What experiences qualify you for this office?

As a husband, father, business leader, volunteer, and board member of a nonprofit, I am always planning for a better future. The roles that I have assumed at this point in my life have taught me that an effective leader is a good listener and that nobody knows the strengths and weaknesses of an organization better than those on the front lines. To think that one can make the best decisions from afar or without consultation is foolish. I constantly strategize how to make the organizations or members I serve poised for growth, higher achievement, higher efficiency, safer, and more effective.  These are all the things that our district needs now, as it always has. Coupled with my passion for my own children’s education and wellbeing, as well as all of the kids in our community, I will work tirelessly to achieve the goals of the district as I do towards all endeavors that I pursue.

What issue or issues seem most important to address if you are elected/re-elected?

I would like to see a greater level of transparency in our district.  From my perspective, decisions have and are being made by the administration or the board without seeking input from parents, educators or using guidance from experts. I have been made aware of numerous examples of educators and staff speaking up about current policy or practices in the district only to have their voices go unheard and, even more concerning, those who have brought forth these issues have been punished and/or humiliated for questioning the district’s leaders. I’ve spoken to many parents who have contacted the current board and superintendent and have gotten no response to their written concerns.  Additionally, I would like to review fiscal policy and make sure that our tax dollars are being used to the maximum benefit to students, teachers and staff.  Solon historically spends less than 80% of its annual allocated budget which highlights a “tax and save” policy, yet funding for programs have been cut, our teachers are paid less than neighboring districts, all while parents are being asked for donations for simple items such as playground equipment.  Investment in our district should be a priority.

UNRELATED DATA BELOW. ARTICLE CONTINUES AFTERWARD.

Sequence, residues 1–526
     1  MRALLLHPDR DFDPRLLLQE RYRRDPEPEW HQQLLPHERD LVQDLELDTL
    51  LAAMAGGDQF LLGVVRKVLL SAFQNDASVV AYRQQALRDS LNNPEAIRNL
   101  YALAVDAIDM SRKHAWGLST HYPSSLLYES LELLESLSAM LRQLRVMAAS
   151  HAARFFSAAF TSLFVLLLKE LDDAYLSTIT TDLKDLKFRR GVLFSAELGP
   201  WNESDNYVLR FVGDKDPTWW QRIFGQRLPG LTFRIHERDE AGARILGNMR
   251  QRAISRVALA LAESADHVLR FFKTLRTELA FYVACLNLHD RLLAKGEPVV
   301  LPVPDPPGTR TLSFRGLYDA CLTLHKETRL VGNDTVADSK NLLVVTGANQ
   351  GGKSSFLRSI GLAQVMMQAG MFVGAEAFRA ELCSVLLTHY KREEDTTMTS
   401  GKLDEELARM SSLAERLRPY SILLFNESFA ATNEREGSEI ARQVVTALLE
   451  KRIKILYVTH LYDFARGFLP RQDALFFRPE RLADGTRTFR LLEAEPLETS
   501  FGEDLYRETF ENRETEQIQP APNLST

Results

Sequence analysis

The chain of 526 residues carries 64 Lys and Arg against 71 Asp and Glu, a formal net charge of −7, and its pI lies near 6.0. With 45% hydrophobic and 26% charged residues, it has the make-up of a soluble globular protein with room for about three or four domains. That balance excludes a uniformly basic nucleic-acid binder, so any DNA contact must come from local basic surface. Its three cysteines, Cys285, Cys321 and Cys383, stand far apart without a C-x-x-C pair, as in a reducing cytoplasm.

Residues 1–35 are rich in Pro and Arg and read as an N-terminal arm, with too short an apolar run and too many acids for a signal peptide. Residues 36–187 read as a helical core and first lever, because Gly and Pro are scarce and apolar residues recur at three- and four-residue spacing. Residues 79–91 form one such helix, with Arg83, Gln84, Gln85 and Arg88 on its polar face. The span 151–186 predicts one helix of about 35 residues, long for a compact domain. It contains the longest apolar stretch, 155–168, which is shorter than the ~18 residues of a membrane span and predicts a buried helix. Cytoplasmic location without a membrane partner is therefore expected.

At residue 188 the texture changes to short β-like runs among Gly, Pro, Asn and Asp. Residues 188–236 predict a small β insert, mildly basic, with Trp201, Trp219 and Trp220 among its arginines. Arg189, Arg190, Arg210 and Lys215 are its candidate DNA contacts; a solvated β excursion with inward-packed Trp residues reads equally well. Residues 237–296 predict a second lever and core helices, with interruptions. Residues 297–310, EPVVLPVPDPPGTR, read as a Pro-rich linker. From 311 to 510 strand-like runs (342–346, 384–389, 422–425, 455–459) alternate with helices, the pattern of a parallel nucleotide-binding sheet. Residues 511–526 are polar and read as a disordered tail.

Why should voters pick you over other candidates?

I believe voters deserve to have a public school in a community which listens and responds to them. The two incumbents do not have a good track record of responding to questions from parents. Additionally, this past week, the Iowa City Press Citizen published responses from all seven of the Solon School Board candidates. The two incumbents, Tim Brown and Dan Coons, plus a new challenger, Cassie Rochholz, declined to respond to their questions. The school district does not need more members who decline to respond to concerns from the community.

Additionally, because Dan Coons and Stacey Munson have spouses who work for the district, they would have to recuse themselves from voting or even being part of the upcoming 2023 contract negotiations. If they are both on the school board, this would potentially leave only three board members to decide on such an important issue. When deciding who to vote for, please think about the implications of what it will mean for your child’s educational experience if contract negotiations go the way they did in 2019 and more teachers leave the district.

Would you seek to negotiate another employment contract with Superintendent Davis Eidahl when his current one expires? Why or why not?

My current understanding is that Davis Eidahl has not been interested in listening to public health experts when it comes to COVID-19 mitigation in the school building. I have also heard accounts from many staff and parents that he rarely consults educators on educational decisions and since his tenure, Solon schools have been a “hostile work environment” and that he engages in “bullying tactics.”  I have heard similar stories from his tenure at the Ottumwa school district. In fact, there was an Ottumwa opinion piece that alluded to this issue (

However, I am willing to assess his performance as superintendent in more detail and work with him before making a final decision about his future as Solon’s superintendent.